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Redcliff beekeeper creating buzz in town

Posted on June 5, 2018 by 40 Mile Commentator
Southern Alberta Newspapers photo by Peggy Revell Toby Newton smiles next to the beehive in his Redcliff backyard. Not only does Newton's hobby of urban beekeeping produce plenty of honey for friends and family, it's also helping support the bee population which is needed for so many of the foods people love and enjoy.

By Jeremy Appel


With bee populations dwindling worldwide, Toby Newton has taken on the task of beekeeping right in Redcliff.
He came to the realization that he could be part of the solution at his agronomy job at South Country Co-op’s Agro Centre in Medicine Hat.
“It didn’t force my hand to want to do it,” he said. “It just persuaded me more to do it.”
Since the Co-op was bringing in beehives, Newton was able to get a package of bees, which is how he got started beekeeping.
He says the decline in bee populations is a result of chemicals farmers are spraying.
“When people spray a field for pesticides, or insecticides even, they can’t stop the bees from being in there, so it catches everything,” said Newton.
“It catches the good bugs and the bad bugs, so all the beneficials, like ladybugs, bees (and) parasitic wasps, they all get caught up in the mix as well.”
The decline in bee population will have significant negative effects on our food sources.
“We could lose honey, we could lose bananas, we could lose all kinds of fruits that come form the tropics or Southern America,” he said.
“Without bees, we’d lose a massive, massive amount of produce.”
Newton deals specifically with bees from New Zealand.
“Their summer is obviously opposite to ours,” he said. “When the bees are declining towards the end of (their) summer, bees will keep a certain amount of bees within the hive to look after the Queen over the winter.
“But if there are too many bees in there, they’ll die, so what they’ll do is take a certain amount of those bees out of those hives and put them into packages, and ship them to North America.”
Bees can produce honey all year, provided they’re in the right climate, added Newton.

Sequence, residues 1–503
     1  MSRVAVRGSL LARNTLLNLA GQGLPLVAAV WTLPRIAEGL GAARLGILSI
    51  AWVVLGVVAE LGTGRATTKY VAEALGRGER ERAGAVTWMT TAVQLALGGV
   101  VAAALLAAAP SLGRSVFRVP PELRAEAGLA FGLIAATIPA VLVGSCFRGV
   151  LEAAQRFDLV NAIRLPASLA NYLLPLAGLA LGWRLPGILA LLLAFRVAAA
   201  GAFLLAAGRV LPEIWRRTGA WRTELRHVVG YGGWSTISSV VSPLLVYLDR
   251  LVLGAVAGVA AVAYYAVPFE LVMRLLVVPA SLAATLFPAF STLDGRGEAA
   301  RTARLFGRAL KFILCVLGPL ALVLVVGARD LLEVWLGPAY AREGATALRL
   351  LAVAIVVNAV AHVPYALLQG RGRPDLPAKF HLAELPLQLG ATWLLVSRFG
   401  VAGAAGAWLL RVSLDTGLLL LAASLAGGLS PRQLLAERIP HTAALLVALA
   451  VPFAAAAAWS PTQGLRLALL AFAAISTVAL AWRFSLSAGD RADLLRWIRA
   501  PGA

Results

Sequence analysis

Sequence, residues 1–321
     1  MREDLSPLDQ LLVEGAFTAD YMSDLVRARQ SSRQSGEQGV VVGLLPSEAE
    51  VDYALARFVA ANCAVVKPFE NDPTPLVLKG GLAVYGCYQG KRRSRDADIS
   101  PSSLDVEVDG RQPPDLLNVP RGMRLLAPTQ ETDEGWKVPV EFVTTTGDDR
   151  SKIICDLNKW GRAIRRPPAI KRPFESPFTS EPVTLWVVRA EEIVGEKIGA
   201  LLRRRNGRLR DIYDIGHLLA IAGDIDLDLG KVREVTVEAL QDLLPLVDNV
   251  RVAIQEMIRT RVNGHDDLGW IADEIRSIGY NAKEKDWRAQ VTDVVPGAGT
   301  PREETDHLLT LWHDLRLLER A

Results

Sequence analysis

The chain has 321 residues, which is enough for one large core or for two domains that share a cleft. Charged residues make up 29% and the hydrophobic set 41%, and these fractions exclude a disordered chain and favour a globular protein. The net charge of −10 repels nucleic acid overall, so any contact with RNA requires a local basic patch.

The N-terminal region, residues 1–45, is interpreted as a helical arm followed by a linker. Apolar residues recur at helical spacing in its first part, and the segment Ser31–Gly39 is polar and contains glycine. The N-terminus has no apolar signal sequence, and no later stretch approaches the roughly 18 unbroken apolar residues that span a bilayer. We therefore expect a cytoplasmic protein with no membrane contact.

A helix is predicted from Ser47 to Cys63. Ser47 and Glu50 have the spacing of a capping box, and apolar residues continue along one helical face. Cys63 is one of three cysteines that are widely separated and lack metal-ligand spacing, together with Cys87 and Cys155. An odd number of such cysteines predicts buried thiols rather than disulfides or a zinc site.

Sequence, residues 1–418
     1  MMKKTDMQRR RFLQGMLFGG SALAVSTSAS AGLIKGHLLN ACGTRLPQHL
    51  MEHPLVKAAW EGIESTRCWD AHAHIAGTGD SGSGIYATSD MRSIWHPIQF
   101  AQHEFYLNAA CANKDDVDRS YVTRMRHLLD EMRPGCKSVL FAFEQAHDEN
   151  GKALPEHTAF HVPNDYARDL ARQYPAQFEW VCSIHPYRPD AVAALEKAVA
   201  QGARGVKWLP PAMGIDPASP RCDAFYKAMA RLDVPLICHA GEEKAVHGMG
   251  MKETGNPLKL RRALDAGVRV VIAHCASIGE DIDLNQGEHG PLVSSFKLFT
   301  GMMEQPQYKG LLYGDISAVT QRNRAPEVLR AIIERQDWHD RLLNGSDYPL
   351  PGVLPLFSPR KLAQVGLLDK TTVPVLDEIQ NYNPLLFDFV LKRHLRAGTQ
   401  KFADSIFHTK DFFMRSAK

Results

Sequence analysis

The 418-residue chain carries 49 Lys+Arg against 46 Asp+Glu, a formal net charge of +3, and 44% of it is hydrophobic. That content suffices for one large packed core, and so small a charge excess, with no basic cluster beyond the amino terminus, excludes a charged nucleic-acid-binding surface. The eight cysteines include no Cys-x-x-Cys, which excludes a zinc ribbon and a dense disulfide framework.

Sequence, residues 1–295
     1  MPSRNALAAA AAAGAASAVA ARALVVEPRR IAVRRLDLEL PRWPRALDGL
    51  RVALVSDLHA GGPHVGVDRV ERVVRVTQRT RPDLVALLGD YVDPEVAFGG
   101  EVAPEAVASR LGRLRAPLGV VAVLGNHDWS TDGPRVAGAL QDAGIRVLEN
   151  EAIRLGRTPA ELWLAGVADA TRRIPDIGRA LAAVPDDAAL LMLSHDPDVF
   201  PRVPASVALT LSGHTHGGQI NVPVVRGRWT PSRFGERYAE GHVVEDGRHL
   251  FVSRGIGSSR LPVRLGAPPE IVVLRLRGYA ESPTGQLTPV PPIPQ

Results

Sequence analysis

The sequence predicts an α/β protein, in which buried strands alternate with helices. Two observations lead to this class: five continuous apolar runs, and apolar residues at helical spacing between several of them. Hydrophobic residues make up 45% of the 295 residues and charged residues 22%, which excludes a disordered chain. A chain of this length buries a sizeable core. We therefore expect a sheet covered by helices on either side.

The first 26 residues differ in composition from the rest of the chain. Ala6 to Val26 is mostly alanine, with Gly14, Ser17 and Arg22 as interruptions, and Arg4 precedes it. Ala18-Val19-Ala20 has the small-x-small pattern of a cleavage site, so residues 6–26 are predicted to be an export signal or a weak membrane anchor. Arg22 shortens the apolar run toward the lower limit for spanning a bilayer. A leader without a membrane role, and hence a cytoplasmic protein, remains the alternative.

During the winter, he wraps the hive up with silver-lined bubblewrap, leaving a small hole on the bottom in case the bees want to go out.
“When you hear a hive humming in the winter, it’s means that they’re just flapping their wings to regulate some heat,” Newton said.
“When you get nice sunny days in the winter, even though it’s cold outside, you’ll often see bees come out for a cleansing flight, which means that they’ll come out, just have a clean, stretch their wings … find water if they have to and then come back to the hive again before it gets too cold.”
He says his garden has benefited immensely from having bees around.
“I’ve seen more fruit on my apricot tree and it’s been consistent (for) years from having bees in my garden, just because it gets pollinating more,” Newton said, adding that he’s noticed similar impacts for his cherry tree and flowers.
“The flowers look absolutely amazing in the garden.”
His neighbours have noticed similar benefits, he said.
“It’s not just my garden, it’s everybody else’s garden in Redcliff,” said Newton.
Bees have a five-mile radius and there’s another beekeeper on the other side of Redcliff, so the advantages are town-wide.
Newton said some neighbours have inquired about the risks of getting stung, but unlike wasps, bees will only sting when they feel threatened.
“I’ve showed them the hive, and I’ve showed them how close I can get to them and how close my dogs get to them,” he said.
“Once they see that, they say, ‘Oh, okay. That’s awesome.’”

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